You can create separate Volumes on your Synology DiskStation. What are the benefits? In this post, I collect the reasons to consider creating multiple Volumes or Storage Pools.
Using Volumes On Synology NAS
When you install a Synology NAS for the first time and skip custom options, the process will combine all disks into a single Storage Pool and use that entire pool for a single Volume. If you have multiple disks connected in a single Storage Pool, you will create redundancy or fault tolerance. However, there are other options where you create more Volumes and optionally separate Storage Pools.
In the graphic above you see four disks connected in a single Storage Pool as RAID5. This means that there is a fault tolerance for one disk, hence one red star at the right in the Storage Pool.
On the Storage Pool, there is one Volume, occupying the entire space of the pool. The Volume’s file system is Btrfs.
You can review all these items on your own Synology NAS with the Storage Manager. The Storage Manager is one of the default applications on your NAS and a very powerful tool that gives you all the necessary information about the configuration and health of your disks, pools, and volumes.
What is the purpose of having multiple Volumes on your Synology NAS? Before we dig into this, let’s determine a few facts on how a DiskStation handles Volumes.
Disks, storage pool, and volume
Your DiskStation combines disks into one or more Storage Pools. On each Storage Pool, you create one or more Volumes.
The RAID or SHR level of the Storage Pool determines the kind of redundancy of that pool and, as a result for every Volume on that pool. On a Storage Pool, you create one or more Volumes. You can have multiple Volumes on the same Storage Pool or create separate Storage Pools with their Volume.
The terms RAID and SHR (Synology Hybrid RAID) are often used randomly. However, SHR is Synology’s own implementation of RAID.
A Volume is limited in size. Older and some recent base models have a 16TB limit, and for other models, the limit is 108TB up to 200TB. A Volume has a file system. On a Synology DiskStation, you can choose between the basic EXT4 and the more advanced Btrfs file system.
Note that some DiskStaton models only support EXT4 as a file system.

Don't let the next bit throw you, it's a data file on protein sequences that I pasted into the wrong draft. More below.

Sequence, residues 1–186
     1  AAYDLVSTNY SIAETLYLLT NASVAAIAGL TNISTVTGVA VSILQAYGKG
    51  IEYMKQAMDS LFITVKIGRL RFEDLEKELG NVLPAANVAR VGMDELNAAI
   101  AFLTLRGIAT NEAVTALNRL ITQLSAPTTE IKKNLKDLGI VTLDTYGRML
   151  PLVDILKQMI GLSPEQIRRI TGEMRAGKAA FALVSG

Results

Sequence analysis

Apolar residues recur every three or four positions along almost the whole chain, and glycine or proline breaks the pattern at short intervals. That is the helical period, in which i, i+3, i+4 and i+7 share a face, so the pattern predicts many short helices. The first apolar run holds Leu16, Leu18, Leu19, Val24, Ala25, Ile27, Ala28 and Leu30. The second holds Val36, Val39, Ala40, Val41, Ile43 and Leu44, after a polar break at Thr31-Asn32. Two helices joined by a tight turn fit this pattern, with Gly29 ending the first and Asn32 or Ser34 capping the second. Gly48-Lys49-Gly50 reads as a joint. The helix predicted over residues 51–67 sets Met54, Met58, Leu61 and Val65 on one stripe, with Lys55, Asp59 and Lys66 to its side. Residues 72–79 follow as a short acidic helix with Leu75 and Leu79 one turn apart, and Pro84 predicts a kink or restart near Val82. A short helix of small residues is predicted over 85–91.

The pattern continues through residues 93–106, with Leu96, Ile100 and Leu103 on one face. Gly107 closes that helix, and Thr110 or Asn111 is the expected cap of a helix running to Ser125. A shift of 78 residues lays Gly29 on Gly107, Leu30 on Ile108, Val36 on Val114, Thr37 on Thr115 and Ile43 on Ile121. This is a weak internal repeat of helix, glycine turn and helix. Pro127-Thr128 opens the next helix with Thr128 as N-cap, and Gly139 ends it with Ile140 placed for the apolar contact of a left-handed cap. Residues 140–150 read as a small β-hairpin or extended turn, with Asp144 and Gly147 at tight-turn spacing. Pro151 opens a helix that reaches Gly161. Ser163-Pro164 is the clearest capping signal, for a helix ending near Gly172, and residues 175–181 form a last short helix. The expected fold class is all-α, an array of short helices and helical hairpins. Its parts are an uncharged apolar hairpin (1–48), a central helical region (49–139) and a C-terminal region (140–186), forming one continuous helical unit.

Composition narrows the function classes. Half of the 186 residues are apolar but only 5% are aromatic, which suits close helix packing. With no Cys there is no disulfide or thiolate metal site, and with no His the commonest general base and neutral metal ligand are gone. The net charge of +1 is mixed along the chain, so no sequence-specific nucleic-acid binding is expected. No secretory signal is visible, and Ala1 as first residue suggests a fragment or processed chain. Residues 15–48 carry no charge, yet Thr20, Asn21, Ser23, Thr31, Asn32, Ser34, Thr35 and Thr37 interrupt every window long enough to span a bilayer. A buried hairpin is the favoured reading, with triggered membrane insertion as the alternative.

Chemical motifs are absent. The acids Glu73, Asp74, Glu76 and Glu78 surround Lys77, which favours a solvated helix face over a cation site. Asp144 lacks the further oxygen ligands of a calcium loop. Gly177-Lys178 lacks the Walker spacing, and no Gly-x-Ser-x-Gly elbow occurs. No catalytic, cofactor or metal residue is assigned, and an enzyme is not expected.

There are (at least) three features of DSM related to using Volumes on Synology NAS. DSM or DiskStation Manager is the operating system of your Synology DiskStation.
When you install a package, create a shared folder, or enable the user Home Service, you can select a Volume if more than one exists on your NAS. Note that there are a few packages that do not offer Volume selection.
When using Volumes on Synology NAS it is important to understand the different formats of a Volume. You format a Volume with a file system. Most Synology NAS models let you choose between Btrfs and EXT4. Some – typically basic models – support EXT4 only. The Btrfs file system is more versatile, whereas EXT4 gives higher performance.
The graph above highlights some of the differences. For example, with the EXT4 file system, a quota is only enforced per Volume, not per Shared Folder, as is the case with Btrfs. As a result, where quotas are concerned, you could be more inclined to create multiple Volumes with the EXT4 file system. For a detailed explanation about quota, please reference Using quota on Synology NAS.
On the other hand, you might create a separate Volume with EXT4 for applications like Surveillance Station or a website.
To speed up read and write access to your HD drives, you can use an SSD cache. A cache is beneficial for repeated access to the same information. For NAS models that support an SSD cache, it is good to know that a cache is assigned per Volume.
Up to DSM 7.0.1, you can assign your cache to a single Volume only. From DSM 7.1 this is expanded to up to eight Volumes on the same Storage Pool. This makes using Volumes on Synology NAS even more flexible.
Let us now look at some decisions you could make when designing Storage Pools and Volumes in a Synology DiskStation.
Separate Types Of Data
You can store different kinds of data on different Volumes for a better overview. You do not necessarily have to create separate Storage Pools for each Volume, but you could.
For example, you have all the user home folders on one Volume and all Shared Folders on the other. Or you might install services and applications from Synology packages on a specific Volume separated from other data.
When you backup other computers to your Synology NAS, you might want to create a separate Volume for that.
Some DiskStation models have the option to extend their capacity with an expansion unit. Synology offers different expansion units like the DX517 and DX1215 desktop models and several rack-mount models.
Best practices for these expansion units tell us to create a Storage Pool separate from the main chassis. In other words, do not combine drives in the DiskStation’s main chassis with drives in the expansion unit into a single Storage Pool. This will degrade performance significantly.